Avida Silverton C7134SL Review

By: Malcolm Street, Photography by: Malcolm Street


Malcolm Street checks out the latest offering from Avida, the very roomy Silverton built on a Mercedes-Benz base

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Unless you happened to be at the Covi show way back in March, when the world was reasonably normal, it is possible that you have missed the launch of a new design motorhome from the Avida stable. Hamilton-based Auto Leisure and Marine (ALM Group) is the official Avida distributor for New Zealand, and they did of course have the new Silverton on display at the Covi show in a prime position.

MCD was lucky enough to get our hands on the Silverton in the days after the show and took it for a spin, albeit a short one. The Silverton (named after a town in outback NSW) is built on a Mercedes-Benz Sprinter 418 CDI model, has an external length of 7135mm and a tare mass of 3500kg. If you have not had the opportunity to drive the latest model Sprinter, then do give it a go if one comes your way. More about that in a moment.

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Inside, the Silverton is more spacious than it would at first appear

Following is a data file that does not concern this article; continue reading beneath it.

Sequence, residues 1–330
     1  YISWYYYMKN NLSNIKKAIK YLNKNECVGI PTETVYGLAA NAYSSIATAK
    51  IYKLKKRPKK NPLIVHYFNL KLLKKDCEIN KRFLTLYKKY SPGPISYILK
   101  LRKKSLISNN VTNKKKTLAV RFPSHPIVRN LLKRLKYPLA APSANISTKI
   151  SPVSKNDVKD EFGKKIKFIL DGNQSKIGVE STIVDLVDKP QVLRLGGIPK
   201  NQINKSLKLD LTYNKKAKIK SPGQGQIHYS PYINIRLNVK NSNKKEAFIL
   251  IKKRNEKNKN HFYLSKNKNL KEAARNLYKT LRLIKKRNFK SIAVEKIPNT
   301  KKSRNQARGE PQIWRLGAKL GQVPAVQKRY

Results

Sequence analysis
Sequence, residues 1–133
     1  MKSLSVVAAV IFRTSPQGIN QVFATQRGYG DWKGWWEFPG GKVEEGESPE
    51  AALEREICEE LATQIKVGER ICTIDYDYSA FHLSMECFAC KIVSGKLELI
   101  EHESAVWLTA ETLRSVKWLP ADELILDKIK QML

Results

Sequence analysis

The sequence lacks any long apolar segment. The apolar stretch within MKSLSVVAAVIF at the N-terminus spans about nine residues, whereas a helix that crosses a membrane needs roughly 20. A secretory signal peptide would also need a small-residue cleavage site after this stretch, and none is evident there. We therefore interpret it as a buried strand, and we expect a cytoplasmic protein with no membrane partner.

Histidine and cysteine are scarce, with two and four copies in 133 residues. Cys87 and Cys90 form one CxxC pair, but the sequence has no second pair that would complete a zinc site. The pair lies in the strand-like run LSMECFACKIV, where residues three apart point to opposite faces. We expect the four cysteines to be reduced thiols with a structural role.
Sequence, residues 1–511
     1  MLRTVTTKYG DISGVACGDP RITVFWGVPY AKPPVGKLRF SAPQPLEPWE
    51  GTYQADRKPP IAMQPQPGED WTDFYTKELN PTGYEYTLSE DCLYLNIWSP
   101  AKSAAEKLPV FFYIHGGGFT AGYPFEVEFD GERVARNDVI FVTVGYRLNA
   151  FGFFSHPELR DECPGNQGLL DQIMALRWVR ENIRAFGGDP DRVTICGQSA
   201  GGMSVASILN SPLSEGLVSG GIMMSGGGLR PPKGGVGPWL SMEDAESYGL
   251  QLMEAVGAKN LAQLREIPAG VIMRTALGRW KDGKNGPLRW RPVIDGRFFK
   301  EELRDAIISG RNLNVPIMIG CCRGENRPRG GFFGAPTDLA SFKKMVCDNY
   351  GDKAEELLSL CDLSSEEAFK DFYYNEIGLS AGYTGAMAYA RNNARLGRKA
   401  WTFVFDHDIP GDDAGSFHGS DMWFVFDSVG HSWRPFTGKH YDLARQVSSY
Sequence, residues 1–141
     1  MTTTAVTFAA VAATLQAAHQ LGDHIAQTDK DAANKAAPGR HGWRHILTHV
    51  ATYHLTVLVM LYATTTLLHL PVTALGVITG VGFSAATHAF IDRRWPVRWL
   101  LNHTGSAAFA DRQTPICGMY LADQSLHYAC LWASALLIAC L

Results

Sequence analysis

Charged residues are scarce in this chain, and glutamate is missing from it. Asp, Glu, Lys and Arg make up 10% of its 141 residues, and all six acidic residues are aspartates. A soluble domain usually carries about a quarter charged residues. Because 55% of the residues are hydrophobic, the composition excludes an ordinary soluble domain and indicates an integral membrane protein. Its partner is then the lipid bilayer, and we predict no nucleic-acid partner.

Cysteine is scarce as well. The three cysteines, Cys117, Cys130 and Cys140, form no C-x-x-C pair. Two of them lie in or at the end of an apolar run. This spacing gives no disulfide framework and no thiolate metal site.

General layout

Available as either a C or B-Class motorhome – the Luton giving the clue that mine was the former – the Silverton has a forward door entry, almost directly behind the passenger door. Inside, the layout features a front dinette/lounge, a nearside kitchen bench, a full-width bathroom across the rear, and a transverse bed in front of the bathroom.

It would be remiss of me not to mention a key feature – an offside slide-out that contains both the bed and a Thetford 141-litre fridge. It means that when the slide-out is open, there’s plenty of kitchen manoeuvering space.

The mostly white glossy finish with glossy grey for the upper cupboard and beige/brown for the lower cabinetry is quite pleasing to the eye. The natural light levels are quite good, but I suspect to New Zealand eyes, the windows might look on the small side. With the exception of the bathroom window, Avida has opted for the glass louvre style, instead of the more usual double-glazed acrylics.